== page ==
Protests by some Black artists and other defenders of “identity politics” have been directed at a painting on display at the Whitney Museum Biennial in New York. The painting by Dana Schutz is based on the photograph of the mutilated face of Emmett Till lying in an open casket in Chicago that was printed in Jet magazine.
A quarter of a million people filed by the casket in 1955 after Till’s mother demanded it be opened. “Let the people see what I’ve seen,” she said.
Artist and writer Hannah Black wrote a letter to the Whitney, demanding the picture not just be taken down, but destroyed. “It is not acceptable for a white person to transmute Black suffering into profit and fun,” she asserted. “The subject matter is not Schutz’s; white free speech and white creative freedom have been founded on the constraint of others, and are not natural rights.”
Schutz answered the attacks, explaining she decided to do the painting in the context of the protests across the country against police killings and brutality.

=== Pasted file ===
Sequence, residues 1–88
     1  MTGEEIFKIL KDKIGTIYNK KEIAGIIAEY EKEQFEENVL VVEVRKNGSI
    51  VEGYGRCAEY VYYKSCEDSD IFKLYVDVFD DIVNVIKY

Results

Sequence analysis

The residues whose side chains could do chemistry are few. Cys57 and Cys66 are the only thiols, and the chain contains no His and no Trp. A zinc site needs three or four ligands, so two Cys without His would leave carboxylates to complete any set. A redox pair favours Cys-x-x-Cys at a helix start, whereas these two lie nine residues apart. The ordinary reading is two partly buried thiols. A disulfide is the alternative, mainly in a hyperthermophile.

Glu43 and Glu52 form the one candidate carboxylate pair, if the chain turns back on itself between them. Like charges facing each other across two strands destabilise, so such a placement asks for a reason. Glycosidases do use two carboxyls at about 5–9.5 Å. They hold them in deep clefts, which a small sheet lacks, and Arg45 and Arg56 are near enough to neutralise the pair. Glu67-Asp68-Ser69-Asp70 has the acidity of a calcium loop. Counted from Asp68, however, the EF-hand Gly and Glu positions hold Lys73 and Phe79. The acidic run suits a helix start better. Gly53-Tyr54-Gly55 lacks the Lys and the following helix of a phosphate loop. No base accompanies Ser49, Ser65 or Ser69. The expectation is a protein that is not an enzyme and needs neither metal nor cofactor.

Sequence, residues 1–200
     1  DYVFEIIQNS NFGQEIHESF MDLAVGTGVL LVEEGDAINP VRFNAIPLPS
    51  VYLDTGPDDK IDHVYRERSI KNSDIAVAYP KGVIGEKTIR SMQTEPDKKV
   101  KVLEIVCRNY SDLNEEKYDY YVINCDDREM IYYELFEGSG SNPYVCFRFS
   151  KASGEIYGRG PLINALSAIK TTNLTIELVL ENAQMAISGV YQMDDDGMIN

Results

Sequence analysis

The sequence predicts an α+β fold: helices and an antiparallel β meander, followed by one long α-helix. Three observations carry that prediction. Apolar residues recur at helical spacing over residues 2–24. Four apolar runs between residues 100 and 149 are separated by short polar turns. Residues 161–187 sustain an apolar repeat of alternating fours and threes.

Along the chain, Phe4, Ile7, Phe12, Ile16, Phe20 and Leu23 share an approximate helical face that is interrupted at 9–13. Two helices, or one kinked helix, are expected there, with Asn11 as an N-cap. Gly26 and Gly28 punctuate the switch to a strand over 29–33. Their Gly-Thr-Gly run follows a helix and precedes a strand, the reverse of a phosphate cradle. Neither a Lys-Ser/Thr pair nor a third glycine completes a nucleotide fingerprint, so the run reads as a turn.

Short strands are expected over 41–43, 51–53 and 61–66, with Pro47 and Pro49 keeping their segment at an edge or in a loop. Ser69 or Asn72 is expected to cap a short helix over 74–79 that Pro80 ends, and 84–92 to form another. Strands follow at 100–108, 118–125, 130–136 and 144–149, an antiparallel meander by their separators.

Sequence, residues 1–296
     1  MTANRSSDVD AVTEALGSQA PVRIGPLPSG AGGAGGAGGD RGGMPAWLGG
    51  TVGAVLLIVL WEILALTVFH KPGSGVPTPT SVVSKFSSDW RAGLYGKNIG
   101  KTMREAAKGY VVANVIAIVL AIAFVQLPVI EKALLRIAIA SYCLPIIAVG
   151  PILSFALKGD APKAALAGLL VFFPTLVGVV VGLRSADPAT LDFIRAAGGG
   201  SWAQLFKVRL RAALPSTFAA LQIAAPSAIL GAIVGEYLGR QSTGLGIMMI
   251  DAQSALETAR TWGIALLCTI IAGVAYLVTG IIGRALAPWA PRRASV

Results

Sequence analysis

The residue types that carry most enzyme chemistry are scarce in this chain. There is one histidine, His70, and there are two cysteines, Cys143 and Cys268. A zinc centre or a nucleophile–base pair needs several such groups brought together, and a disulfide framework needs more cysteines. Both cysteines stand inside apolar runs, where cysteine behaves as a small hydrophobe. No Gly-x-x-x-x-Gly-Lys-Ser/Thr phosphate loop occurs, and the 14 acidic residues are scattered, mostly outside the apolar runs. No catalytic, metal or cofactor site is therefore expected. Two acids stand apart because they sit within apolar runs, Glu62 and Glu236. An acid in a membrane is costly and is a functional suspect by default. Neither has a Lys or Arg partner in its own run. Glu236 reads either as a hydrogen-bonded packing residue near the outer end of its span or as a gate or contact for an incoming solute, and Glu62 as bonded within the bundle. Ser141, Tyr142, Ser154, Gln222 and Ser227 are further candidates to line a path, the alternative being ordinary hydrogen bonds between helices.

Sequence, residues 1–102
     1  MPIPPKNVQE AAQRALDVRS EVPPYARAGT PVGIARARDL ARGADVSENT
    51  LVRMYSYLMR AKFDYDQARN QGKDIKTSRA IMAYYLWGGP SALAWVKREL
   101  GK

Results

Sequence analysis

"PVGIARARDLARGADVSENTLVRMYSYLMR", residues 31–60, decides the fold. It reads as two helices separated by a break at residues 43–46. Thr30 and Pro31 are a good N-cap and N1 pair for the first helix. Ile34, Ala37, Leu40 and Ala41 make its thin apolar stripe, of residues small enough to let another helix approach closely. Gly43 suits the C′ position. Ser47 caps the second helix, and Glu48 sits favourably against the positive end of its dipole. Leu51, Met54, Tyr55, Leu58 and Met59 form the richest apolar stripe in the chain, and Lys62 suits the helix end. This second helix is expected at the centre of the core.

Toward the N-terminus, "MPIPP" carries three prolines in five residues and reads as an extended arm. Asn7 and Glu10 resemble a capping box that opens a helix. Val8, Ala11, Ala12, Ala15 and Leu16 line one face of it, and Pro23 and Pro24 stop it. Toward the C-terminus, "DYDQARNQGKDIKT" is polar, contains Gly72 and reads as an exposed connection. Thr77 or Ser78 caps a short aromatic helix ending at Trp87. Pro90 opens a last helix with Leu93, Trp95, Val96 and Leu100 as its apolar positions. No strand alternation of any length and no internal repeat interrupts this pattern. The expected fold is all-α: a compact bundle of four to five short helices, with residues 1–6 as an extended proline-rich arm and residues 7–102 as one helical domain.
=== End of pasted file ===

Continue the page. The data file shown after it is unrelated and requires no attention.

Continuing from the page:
She said she listened to interviews with Mamie Till, Emmett’s mother. “In her sorrow and rage she wanted her son’s death not just to be her pain but America’s pain,” Schutz wrote. “I made this painting to engage with the loss. It was never for sale and never will be.”
So-called identity politics is a deadly threat to the workers’ movement and rapidly turns into race-baiting, slander and threats. “I will argue that Dana Schutz’ time spent making it was time spent in the throes of a simulation of the sick, complicated eroticism of white violence against black bodies,” art curator Aria Dean wrote on Facebook, backing the demand for destroying the painting.
Cuban-American artist Coco Fusco answered the calls for destroying the work of art in an article titled “Censorship, Not the Painting, Must Go” posted on the hyperallergic.com internet forum.
The calls for censorship are an assault on what working people need most today — the political space to discuss and debate how we can unite and fight effectively against the attacks we face from the bosses and their government as the crisis of their capitalist system deepens.
The idea that Caucasian opponents of racist brutality — or Latinos, Asian-Americans or anyone else — can’t speak out or create art as part of expressing their views weakens our struggle. Art like this painting by Dana Schutz should be welcomed.